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Archive for the ‘God’ Category

God knew our greatest need

If our greatest need had been information, God would have sent us an educator;

If our greatest need had been technology, God would have sent us a scientist;

If our greatest need had been money, God would have sent us an economist;

If our greatest need had been pleasure, God would have sent us an entertainer;

But our greatest need was forgiveness, so God sent us a Saviour.

 

Source: Unknown

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As we look at the world around us – the pain that so many are suffering – perhaps it’s good to just stop and remind ourselves that we are actually loved by God.   Pain and suffering are not His will for us, healing and wholeness are.  Sometimes though, it is difficult to return that love so freely given to us.   Sometimes we want to rage against God and hold back our love.   It’s always easier to proclaim our love for God when our emotions and circumstances are all in a good place, but when we’ve lost someone so dear to us that it becomes almost unbearable, those are perhaps the times we have to choose to love.

When Christ laid his life down for the world, He demonstrated what real love looked like.  It was a choice, beautiful beyond words. That’s the kind of love Circleslide sing about in their song, “Love Amazing”.

“I’ll rejoice
Though my heart aches
I’ll rejoice 
My God will save
All my needs have been replaced
With Love Amazing
With Love Amazing …”
 

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Today I sat in the homes of several of our members who are going through hard times at the moment.   When I get home after such an intense day, I sometimes look back in amazement at how I have been ministered to by being the presence of people who, despite their life’s circumstances, are not decrying God for what is going on in the lives, but continue to marvel at “how great is our God”.    As I reflected on this yet again, I was humbled to think that while they thank me for my visit and my time “because we know how busy you are”, the reality is that they have encouraged me in my ministry and indeed strengthened my faith.    So imagine my delight as I have thought about all these things, and how like those I have visited today, I continue to believe just how great and faithful our God is, that I receive a link to the video below – quirky “instruments” but the words have always been favourites and for the moment this is my new favourite rendition.    So thank you to one of our worship leaders – John, for forwarding this to me, and also to the Irish Worship Band – Rend Collective Experiment.

 

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I’m sitting preparing the sermon for this coming Sunday; the last of our Summer Series – Wired that Way.   The theme for this week is “Wired to Know” and I’ve been looking at various passages which highlight how down though the ages and in various ways God has spoken to make his existence known … in creation, through the prophets, through Christ, through Scripture.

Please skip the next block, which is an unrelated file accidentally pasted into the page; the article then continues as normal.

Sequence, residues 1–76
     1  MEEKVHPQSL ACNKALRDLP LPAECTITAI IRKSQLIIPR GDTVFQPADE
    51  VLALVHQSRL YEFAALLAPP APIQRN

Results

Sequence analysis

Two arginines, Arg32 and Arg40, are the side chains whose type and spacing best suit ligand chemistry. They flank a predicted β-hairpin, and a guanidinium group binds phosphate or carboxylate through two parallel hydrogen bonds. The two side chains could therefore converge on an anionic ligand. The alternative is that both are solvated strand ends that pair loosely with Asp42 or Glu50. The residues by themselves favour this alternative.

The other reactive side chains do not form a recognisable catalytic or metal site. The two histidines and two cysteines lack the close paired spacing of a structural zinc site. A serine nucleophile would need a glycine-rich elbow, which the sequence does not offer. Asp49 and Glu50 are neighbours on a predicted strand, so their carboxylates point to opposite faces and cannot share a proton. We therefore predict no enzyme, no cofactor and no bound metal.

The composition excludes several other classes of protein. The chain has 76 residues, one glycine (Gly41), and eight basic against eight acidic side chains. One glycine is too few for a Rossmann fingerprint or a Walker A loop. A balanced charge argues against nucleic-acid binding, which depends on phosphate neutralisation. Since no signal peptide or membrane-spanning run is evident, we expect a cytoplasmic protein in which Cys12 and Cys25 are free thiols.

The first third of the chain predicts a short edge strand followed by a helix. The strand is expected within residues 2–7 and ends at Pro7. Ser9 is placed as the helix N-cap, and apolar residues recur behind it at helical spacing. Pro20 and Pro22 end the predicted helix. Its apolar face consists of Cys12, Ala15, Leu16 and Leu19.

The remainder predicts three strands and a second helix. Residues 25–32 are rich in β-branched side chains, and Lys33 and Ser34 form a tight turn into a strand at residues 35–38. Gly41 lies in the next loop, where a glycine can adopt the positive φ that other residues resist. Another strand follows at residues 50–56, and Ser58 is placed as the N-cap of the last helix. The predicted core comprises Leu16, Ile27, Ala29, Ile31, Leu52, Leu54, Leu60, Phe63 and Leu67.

As I’ve been reading, the words of the French philosopher Blaise Pascal kept coming back to me “There is a God-shaped hole in the heart of every man which cannot be filled by any created thing, but only by God the Creator.” Or in the words of the contemporary Christian singer, Plumb, (Tiffany Lee):

There’s a God-shaped hole in all of us

And the restless soul is searching

There’s a God-shaped hole in all of us

And it’s a void only God can fill.”

I am often amazed at how many feel little or no inclination to follow a particular religion, and yet they are nonetheless conscious of what might be called ‘the God-shaped hole’.  Many seek to nurture the spiritual side of themselves, and yet rather than enter a church they would gladly pay for a course to hear a speaker talk of feel good factors they can embrace in order to have fulfilled lives.   I’ve read articles on ego, meme pools and the selfish gene and frankly none of these make my heart leap or give me a sense of peace and fulfilment.  

The “God-shaped hole” is the innate longing of the human heart for something outside itself, something transcendent, something “other.”  Ecclesiastes 3:11 refers to God’s placing of “eternity in man’s heart.”  And I suppose that given that God is eternal, for in him there is no beginning and no end, then it is only God that can fulfil our desire for eternity; which is found in a relationship with him.

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Over these past couple of weeks there have been several documentaries to commemorate the 70th anniversary of the Evacuation of Dunkirk.  This was an event that took place long before I was born, but one of which I have always known, as my Grandmother often told the story of the “ragtag armada of little ships” sailing down the estuaries of England and round the coast of Britain, all responding to the call to help those facing certain death.  And as they met up with others they not only became part of something bigger than any of them imagined, they were also able to achieve more than if they sailed alone.

Troops on the beaches at Dunkirk

The spring of 1940 saw Hitler’s army moving through France and the retreating British and Allied troops found themselves trapped on the coast of France in the channel port of Dunkirk; bottled up in a corridor to the sea, about 60 miles deep and 15–25 miles wide, flanked by two massive German Armies.   Almost a quarter million young British soldiers and over 120,000 allied troops faced certain capture or death.

Vice Admiral Ramsay – who was in charge of Operation Dynamo – had sent destroyers and transport ships to try and evacuate the troops, but they only expected to have time to lift off about 30,000 troops, and the House of Commons was told to brace itself for “hard and heavy tidings.”